Track: Educational Success
Commitment: Co-creating with Community
North Star: Strategic Partnerships
Level of Learning: Learner
Over the past few years, John Boner Neighborhood Centers has worked with schools, services providers, and systems partners to align programs and services under the "two-generation" umbrella, serving both children and parents. We call this alignment strategy the IndyEast Achievement Zone (IEAZ), which envisions a vibrant neighborhood with resilient families and thriving children. Features of the IEAZ include:
- A cradle-to-career array of evidence-based solutions addressing documented needs in the community
- Results-based accountability focused on outcomes as measured by indicators
- Four educational and developmental domains used as a framework for delivering services:
- Learn Early (Early Childhood)
- Learn In School (School-Age)
- Learn for College & Career (High School and Post-Secondary through Adulthood)
- Learn in the Community (Whole Family)
- Alignment of housing programs to serve low- to moderate-income families whose children attend neighborhood schools
- Integrating community-based positions physically located within the school
- Assessing each family across 12 key life domains using a family development matrix
This presentation will inform participants about the ways in which the community developed the IEAZ plan and the ways in which numerous community partners supported neighbors in the development and implementation of a neighborhood school.
- Explain how communities can give voice to, and even lead, the issue of education in their community
- Explore what a whole-family, whole-system approach to poverty and education means
- Illustrate how to implement a two-generational strategy with early childhood providers and a neighborhood school
- Create a shared data platform to drive performance and accountability among partners
- James Taylor, CEO, John Boner Neighborhood Centers (@JHBComCtr)
- Brittany Kronmiller, director of IndyEast Achievement Zone, John Boner Neighborhood Centers (@JHBComCtr)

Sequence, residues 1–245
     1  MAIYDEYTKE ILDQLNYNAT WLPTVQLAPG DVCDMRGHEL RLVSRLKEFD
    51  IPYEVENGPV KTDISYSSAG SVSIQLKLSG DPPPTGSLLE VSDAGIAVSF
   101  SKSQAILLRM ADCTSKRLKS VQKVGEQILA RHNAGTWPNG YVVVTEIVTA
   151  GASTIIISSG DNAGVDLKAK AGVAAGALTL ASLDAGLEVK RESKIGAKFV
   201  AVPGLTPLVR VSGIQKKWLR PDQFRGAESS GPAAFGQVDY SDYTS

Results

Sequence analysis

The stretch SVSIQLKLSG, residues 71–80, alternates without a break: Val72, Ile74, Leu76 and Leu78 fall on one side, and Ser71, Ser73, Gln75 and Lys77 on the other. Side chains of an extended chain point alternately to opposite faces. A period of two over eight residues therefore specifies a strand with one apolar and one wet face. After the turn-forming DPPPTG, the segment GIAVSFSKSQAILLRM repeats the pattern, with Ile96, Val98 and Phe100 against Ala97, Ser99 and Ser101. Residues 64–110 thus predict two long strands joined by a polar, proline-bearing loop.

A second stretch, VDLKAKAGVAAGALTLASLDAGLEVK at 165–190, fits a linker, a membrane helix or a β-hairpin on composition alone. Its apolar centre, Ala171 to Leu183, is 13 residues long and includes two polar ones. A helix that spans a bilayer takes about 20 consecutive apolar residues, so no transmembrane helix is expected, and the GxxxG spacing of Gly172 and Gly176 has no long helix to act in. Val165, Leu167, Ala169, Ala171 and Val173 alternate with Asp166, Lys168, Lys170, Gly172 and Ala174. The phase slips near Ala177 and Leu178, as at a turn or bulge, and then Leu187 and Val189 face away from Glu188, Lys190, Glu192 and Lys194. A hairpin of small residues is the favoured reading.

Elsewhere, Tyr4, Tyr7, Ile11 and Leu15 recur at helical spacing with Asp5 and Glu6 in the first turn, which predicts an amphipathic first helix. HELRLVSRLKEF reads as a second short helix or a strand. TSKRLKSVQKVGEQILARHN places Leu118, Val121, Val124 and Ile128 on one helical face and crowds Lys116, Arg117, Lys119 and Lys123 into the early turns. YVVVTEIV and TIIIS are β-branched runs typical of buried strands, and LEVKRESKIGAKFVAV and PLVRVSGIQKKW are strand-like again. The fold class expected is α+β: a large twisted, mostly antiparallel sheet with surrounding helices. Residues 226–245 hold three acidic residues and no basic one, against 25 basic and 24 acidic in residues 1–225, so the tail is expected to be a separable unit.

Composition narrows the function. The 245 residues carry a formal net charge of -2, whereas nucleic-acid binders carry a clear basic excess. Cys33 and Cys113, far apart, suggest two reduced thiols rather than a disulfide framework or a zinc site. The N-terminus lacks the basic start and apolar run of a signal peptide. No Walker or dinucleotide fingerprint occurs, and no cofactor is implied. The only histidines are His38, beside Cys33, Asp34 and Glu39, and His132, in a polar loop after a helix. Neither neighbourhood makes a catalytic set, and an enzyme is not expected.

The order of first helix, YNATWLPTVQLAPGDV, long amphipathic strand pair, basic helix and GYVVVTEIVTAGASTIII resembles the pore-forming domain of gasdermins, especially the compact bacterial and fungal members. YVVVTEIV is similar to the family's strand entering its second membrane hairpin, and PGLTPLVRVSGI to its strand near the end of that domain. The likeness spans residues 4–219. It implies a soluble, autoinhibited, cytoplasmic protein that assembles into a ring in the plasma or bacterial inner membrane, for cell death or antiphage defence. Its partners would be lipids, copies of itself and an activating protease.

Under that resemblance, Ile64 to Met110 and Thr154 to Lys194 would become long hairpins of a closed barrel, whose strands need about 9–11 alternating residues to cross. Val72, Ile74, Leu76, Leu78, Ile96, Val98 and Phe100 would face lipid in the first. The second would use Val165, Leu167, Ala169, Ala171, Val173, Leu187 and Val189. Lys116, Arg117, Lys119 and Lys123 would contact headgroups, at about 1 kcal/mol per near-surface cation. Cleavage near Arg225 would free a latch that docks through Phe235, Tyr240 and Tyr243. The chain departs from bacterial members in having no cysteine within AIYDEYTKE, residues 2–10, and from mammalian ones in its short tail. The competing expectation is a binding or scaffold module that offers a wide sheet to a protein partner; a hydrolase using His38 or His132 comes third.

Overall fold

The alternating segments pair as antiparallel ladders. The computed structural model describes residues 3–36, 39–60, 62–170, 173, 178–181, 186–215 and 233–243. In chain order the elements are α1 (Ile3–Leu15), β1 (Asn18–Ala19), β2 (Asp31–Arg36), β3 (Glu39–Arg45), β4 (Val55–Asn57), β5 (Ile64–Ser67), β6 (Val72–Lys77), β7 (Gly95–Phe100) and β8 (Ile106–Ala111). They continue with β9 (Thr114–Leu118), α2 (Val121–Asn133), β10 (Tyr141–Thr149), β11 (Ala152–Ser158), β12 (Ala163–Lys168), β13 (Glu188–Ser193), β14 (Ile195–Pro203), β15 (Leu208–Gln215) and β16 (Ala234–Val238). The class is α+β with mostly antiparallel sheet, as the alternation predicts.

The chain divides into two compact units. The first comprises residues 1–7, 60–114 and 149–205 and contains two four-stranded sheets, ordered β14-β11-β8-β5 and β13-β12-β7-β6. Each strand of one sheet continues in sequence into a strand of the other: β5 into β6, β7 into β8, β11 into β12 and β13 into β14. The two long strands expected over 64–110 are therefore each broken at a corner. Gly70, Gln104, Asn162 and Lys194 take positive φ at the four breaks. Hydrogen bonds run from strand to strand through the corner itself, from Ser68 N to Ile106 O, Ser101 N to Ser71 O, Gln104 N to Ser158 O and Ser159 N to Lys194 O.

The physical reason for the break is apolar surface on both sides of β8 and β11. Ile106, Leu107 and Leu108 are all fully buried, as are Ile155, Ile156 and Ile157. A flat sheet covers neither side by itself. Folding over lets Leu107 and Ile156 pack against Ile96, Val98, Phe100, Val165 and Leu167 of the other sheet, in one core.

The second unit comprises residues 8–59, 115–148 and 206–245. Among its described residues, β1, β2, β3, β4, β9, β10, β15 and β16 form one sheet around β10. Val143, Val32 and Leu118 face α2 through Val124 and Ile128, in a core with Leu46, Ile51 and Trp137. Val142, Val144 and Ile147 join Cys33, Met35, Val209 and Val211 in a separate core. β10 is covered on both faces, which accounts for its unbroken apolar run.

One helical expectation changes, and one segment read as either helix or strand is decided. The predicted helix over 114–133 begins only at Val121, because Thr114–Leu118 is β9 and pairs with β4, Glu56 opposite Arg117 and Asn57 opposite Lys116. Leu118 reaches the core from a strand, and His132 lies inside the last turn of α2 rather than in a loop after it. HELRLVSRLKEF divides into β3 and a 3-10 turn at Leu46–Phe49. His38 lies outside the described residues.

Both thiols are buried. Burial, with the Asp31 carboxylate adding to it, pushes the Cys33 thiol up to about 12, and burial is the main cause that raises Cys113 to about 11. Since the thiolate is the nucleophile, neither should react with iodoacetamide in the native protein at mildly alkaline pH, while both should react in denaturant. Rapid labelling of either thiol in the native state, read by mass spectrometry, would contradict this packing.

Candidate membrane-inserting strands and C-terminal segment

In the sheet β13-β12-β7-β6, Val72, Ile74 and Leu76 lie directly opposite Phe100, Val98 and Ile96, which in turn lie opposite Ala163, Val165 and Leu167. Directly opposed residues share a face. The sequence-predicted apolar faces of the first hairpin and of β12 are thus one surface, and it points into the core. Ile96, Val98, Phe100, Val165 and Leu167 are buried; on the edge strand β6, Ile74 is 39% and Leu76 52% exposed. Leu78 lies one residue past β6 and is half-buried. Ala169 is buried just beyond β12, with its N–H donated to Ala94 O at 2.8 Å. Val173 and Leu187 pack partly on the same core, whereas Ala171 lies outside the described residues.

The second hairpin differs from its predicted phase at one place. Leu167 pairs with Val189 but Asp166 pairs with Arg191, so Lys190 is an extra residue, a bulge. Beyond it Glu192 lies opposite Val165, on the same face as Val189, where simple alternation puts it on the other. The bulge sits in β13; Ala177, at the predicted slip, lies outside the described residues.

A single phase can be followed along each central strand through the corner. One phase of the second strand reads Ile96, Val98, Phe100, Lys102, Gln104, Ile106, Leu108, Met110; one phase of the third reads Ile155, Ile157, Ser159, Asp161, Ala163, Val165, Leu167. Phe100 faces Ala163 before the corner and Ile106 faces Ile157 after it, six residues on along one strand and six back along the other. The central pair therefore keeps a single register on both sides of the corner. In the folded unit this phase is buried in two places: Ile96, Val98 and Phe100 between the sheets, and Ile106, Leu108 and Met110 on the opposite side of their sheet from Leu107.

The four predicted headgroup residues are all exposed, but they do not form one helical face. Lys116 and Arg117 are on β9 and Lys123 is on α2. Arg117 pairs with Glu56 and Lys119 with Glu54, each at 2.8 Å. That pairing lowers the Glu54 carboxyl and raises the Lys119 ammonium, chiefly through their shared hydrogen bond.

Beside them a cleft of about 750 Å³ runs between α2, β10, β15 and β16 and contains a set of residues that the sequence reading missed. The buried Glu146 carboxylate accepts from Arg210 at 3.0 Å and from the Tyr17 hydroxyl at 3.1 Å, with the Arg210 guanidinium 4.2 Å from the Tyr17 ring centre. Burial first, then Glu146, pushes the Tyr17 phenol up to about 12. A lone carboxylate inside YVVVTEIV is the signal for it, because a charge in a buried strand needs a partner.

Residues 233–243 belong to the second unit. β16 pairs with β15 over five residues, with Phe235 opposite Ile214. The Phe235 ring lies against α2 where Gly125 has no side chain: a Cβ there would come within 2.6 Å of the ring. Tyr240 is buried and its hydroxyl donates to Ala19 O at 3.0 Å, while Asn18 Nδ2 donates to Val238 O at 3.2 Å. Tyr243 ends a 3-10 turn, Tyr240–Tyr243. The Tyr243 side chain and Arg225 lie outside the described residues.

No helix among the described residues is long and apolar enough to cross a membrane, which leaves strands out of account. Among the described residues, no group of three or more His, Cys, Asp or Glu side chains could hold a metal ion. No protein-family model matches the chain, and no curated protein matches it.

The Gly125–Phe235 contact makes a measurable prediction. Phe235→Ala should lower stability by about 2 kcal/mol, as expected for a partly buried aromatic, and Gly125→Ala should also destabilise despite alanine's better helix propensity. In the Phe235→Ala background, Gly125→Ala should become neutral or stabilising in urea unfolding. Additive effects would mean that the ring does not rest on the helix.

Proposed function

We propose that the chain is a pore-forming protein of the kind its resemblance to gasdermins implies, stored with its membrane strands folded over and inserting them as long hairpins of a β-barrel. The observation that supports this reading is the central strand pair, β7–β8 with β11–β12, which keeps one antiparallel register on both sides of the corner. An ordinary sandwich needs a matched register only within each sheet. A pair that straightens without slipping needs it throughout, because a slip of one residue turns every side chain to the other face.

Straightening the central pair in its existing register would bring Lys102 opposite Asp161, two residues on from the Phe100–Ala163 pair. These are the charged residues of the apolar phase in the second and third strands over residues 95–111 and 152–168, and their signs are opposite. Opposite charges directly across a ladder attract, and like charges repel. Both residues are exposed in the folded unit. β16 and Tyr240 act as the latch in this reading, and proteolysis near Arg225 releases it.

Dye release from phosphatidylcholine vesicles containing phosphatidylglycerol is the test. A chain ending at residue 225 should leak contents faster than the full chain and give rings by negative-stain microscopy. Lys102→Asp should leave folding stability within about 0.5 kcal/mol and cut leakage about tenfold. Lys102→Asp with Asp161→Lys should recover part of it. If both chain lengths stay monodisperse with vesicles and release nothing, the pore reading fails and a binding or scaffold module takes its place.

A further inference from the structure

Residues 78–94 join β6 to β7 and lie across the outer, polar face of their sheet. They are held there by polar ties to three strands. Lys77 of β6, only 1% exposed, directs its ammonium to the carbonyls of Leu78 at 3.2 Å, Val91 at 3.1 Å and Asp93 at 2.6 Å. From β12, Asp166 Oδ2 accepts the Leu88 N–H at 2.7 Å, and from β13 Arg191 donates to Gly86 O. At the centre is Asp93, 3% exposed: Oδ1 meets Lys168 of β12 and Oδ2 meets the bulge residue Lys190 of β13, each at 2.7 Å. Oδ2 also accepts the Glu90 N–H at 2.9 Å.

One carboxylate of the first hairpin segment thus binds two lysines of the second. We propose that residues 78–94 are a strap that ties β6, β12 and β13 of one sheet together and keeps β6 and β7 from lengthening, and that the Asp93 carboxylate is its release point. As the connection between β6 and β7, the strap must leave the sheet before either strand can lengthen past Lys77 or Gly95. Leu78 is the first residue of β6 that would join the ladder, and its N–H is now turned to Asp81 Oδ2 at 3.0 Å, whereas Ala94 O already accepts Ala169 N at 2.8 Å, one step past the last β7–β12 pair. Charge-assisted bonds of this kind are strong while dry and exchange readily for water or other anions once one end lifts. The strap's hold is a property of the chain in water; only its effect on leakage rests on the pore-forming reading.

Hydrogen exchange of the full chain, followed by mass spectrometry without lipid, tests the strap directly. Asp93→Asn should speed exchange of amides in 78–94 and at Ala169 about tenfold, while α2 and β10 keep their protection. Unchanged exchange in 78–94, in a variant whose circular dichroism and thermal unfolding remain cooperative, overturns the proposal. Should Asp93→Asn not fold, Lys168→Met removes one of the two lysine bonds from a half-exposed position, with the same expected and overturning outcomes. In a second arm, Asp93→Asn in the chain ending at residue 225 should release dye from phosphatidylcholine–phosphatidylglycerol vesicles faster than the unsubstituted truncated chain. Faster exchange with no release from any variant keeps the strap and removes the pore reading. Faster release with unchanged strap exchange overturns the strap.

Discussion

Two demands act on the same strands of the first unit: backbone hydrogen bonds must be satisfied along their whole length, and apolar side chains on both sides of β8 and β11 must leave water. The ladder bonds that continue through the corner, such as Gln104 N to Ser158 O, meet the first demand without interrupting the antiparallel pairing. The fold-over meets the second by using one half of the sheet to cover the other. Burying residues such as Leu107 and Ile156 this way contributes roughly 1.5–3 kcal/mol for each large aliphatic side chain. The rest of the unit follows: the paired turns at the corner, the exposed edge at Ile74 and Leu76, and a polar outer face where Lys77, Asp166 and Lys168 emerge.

John Boner Neighborhood Centers
James Taylor is the CEO of the John Boner Neighborhood Centers, which serves residents of the near eastside of Indianapolis. He is a passionate advocate for social justice, urban renewal, and comprehensive community development. The Center provides near eastside neighbors with tools, programs, and initiatives to improve themselves and the neighborhood they call home. Since 1998, the Center’s budget has grown from $1.4 million to more than $12 million with a 130-person staff to deliver unique and innovative programs to the near eastside community.
John Boner Neighborhood Centers provides after school programs at five local public schools, homeless prevention services, the Center for Working Families, adult day services, and senior socialization and wellness programs. In addition, the Center owns and manages 221 units of housing for at-risk families, seniors, and those who are mobility impaired or homeless. It also oversees neighborhood engagement efforts through the Quality of Life Plan and the administration of the federal Promise Zone designation.
Taylor is a graduate of Ball State University with degrees in social work and psychology. He received his master’s in social work from Indiana University.
Director of IndyEast Achievement Zone
John Boner Neighborhood Centers
Brittany Kronmiller began her journey with the John Boner Neighborhood Centers (JBNC) in 2005 as an intern, developing a deep love and passion for community-based work. She has spent a significant amount of her time at JBNC developing the out-of-school time programming. In 2017, Kronmiller was promoted to director of IndyEast Achievement Zone, a bold initiative to break the cycle of generational poverty by wrapping children in a seamless pipeline of health, social, and educational supports from birth through college and career. She believes deeply in recognizing the power of families and their ability to thrive when they are healthy and have access to exceptional educational opportunities, strong economic supports, and deep networks of social capital.
Kronmiller received her bachelor’s in social work from the University of Indianapolis and a master’s in social work from Indiana University.